Chia seeds have 5 grams of fiber per tablespoon, along with a fair amount of potassium, iron, and other minerals. My daughter likes the gelatinous texture when added to liquids, I think it's gross. At 60 cal per tablespoon, if you like it, go for it, it also has a fair amount of poly and monounsaturated fats. No proof it helps with weight loss... in a 12 week study, chia seed eaters didn't lose more weight than non chia seed eaters.
    It was really for the fibre that I considered them.

  • MissyCHF
    MissyCHF Posts: 337 Member
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    tibby531 wrote: »
    I add chia seeds to my butternut squash and sweet potato "porridge" for breakfast. It doesn't add flavor, but it does add texture once it absorbs some of the milk and gels up a bit.
    I have never had that kind of breakfast.........

  • MissyCHF
    MissyCHF Posts: 337 Member
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    Aren't chia seeds a good source of Omega 3's? Anyway I use them and make a chocolate pudding as a snack. Pretty filling!
    That's a new idea to me as well.......
  • jgnatca
    jgnatca Posts: 14,464 Member
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    Flax seeds/ oil are a great source of vegetarian omega 3’s. I find they help with constipation.

    Chia are a great source of soluble fiber. I might a tablespoon to my oatmeal.
  • wefts
    wefts Posts: 183 Member
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    I add both ( and a bunch of other things including yogurt ) to a huge smoothie each morning and drink a few ounces each hour through the day with ice and crystal light ( storing the rest in the fridge till needed ) , the fiber has made huge difference in my ability to avoid temptation and stay on track .
  • GemstoneofHeart
    GemstoneofHeart Posts: 865 Member
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    I used to add them to things but I just don't have the calories for them any more. As I approach goal weight I have little room for error, and I find these seeds to be high in calorie so I avoid adding them now. I plan to add them back in to my smoothies once I get to maintenance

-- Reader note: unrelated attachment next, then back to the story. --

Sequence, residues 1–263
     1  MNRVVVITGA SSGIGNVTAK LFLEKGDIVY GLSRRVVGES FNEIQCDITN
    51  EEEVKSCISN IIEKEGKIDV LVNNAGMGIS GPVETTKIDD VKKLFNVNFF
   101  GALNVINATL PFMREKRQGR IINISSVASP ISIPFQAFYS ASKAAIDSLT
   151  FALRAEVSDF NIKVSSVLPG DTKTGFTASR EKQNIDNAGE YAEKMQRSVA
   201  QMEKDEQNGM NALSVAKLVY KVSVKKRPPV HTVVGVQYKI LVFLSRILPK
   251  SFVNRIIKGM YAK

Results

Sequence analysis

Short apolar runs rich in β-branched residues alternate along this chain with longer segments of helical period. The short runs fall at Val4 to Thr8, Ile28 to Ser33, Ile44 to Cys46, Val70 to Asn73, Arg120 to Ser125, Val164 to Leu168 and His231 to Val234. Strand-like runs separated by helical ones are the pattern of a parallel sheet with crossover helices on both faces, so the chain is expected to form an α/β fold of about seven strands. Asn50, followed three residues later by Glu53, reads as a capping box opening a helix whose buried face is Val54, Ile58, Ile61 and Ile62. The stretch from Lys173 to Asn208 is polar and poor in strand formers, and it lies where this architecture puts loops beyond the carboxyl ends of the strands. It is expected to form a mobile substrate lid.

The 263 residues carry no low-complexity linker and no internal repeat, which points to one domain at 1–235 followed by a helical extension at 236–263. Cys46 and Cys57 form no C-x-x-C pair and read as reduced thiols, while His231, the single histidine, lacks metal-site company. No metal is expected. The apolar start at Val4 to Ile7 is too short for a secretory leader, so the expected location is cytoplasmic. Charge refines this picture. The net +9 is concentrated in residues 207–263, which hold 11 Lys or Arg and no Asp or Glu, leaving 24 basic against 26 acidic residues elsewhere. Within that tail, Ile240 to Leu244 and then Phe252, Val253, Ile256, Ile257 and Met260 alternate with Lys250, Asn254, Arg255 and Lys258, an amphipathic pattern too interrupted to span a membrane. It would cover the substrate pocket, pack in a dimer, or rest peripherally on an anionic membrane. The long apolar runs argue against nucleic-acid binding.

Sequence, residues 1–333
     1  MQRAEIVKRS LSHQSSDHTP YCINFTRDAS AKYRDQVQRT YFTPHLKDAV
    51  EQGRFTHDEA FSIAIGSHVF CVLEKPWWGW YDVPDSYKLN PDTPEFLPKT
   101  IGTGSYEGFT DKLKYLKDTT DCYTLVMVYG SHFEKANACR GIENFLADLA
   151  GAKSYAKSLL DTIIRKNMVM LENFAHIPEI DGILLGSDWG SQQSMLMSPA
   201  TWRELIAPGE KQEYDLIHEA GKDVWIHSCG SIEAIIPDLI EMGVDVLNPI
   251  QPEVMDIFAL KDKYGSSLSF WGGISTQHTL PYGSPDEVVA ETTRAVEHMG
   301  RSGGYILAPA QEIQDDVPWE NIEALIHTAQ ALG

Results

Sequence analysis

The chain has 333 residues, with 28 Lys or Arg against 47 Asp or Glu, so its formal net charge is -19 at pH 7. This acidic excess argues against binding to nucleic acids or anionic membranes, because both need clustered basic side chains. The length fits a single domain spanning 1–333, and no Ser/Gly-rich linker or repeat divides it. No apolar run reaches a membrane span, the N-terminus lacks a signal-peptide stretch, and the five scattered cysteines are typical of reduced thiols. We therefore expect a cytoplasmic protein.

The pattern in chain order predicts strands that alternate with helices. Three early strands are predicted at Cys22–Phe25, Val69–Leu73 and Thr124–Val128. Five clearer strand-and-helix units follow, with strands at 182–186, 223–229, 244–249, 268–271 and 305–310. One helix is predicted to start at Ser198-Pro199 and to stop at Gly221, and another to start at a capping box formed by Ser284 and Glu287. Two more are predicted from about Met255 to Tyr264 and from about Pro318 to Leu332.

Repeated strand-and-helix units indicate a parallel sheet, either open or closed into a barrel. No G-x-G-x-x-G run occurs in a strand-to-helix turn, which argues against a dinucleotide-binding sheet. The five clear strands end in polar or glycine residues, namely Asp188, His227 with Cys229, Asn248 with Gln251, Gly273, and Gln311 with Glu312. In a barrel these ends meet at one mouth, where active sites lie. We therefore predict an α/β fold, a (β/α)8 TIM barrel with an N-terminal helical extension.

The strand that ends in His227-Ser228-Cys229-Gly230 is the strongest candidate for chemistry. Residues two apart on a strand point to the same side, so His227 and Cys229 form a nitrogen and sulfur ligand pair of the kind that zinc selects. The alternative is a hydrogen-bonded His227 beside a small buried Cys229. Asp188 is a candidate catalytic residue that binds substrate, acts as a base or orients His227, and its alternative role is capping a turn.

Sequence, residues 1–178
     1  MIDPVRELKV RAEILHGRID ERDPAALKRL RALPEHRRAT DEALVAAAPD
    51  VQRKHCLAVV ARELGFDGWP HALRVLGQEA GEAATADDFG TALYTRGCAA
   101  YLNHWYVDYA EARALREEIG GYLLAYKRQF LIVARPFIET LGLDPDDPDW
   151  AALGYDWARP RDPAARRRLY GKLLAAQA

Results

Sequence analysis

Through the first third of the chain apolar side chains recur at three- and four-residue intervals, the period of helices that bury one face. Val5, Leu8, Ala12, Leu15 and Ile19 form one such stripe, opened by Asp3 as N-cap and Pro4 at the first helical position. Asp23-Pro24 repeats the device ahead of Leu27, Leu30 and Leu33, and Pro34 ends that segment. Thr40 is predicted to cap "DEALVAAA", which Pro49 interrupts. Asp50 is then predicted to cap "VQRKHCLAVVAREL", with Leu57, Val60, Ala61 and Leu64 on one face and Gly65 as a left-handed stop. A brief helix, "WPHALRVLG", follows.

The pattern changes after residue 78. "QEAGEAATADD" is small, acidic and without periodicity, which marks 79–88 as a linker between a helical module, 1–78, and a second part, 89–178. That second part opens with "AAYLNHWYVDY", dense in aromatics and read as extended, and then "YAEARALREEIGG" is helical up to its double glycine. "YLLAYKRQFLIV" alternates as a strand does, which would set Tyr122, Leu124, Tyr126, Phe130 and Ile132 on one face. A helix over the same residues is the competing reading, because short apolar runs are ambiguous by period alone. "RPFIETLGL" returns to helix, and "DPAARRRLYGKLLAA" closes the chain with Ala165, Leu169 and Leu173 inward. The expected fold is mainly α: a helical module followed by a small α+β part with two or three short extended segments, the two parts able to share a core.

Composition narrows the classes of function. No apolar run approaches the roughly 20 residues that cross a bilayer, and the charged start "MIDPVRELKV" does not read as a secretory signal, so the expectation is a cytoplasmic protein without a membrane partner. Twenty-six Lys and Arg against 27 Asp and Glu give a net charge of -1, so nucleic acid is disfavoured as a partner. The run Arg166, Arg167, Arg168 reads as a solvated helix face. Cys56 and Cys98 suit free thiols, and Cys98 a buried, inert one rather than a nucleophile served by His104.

• lemurcat12
    lemurcat12 Posts: 30,886 Member
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    I don't really fancy the idea of Chia as you describe it maryanprt but I wondered about whole flax seeds, there seems to be quite a bit in seeded bread so I might try it in my porridge instead of ground flax.

    I think whole flax seeds lose any nutritional benefit, as they go right through you. Maybe fine if it's only fiber you want, though.
  • lemurcat12
    lemurcat12 Posts: 30,886 Member
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    I think the benefits of these seeds tend to be oversold, at least re omega 3, as we need particularly EPA and DHA omega 3s, which are in fatty fish, and what the seeds have is ALA. So selling them as good omega 3 sources is a bit questionable, IMO: https://www.health.harvard.edu/heart-health/why-not-flaxseed-oil

    They have lots of decent fat and some protein, but for me aren't worth the calories as they usually don't add to taste (although I enjoy a chia pudding on occasion). There are other seeds I enjoy more than flax almost always, and I find that for me usually eating something caloric I don't appreciate/pay attention to doesn't help me (just adding in hidden fiber beyond getting adequate fiber does nothing for me or my tendency to overeat although if it does for others that's great).

    So anyway, that's why after briefly experimenting I mostly don't consume these now or add in seeds to other dishes where they won't be noticeable (as opposed to putting pumpkin seeds on a salad, or sunflower or so on). But that's just what works for me.
  • amusedmonkey
    amusedmonkey Posts: 10,330 Member
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    I only use them when I want to specifically use them. I have no problem hitting my fat or fiber goals with other foods, so flax and chia would just be taking away some precious calories I could use elsewhere. I do feel like having a chia pudding every now and then, though. As for nutrition, they have nutrients, just like any other food. Nothing special.